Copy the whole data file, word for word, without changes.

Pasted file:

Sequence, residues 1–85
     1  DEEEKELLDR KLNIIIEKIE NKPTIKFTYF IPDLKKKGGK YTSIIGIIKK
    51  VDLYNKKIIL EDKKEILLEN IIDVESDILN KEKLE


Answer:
Sequence, residues 1–85
     1  DEEEKELLDR KLNIIIEKIE NKPTIKFTYF IPDLKKKGGK YTSIIGIIKK
    51  VDLYNKKIIL EDKKEILLEN IIDVESDILN KEKLE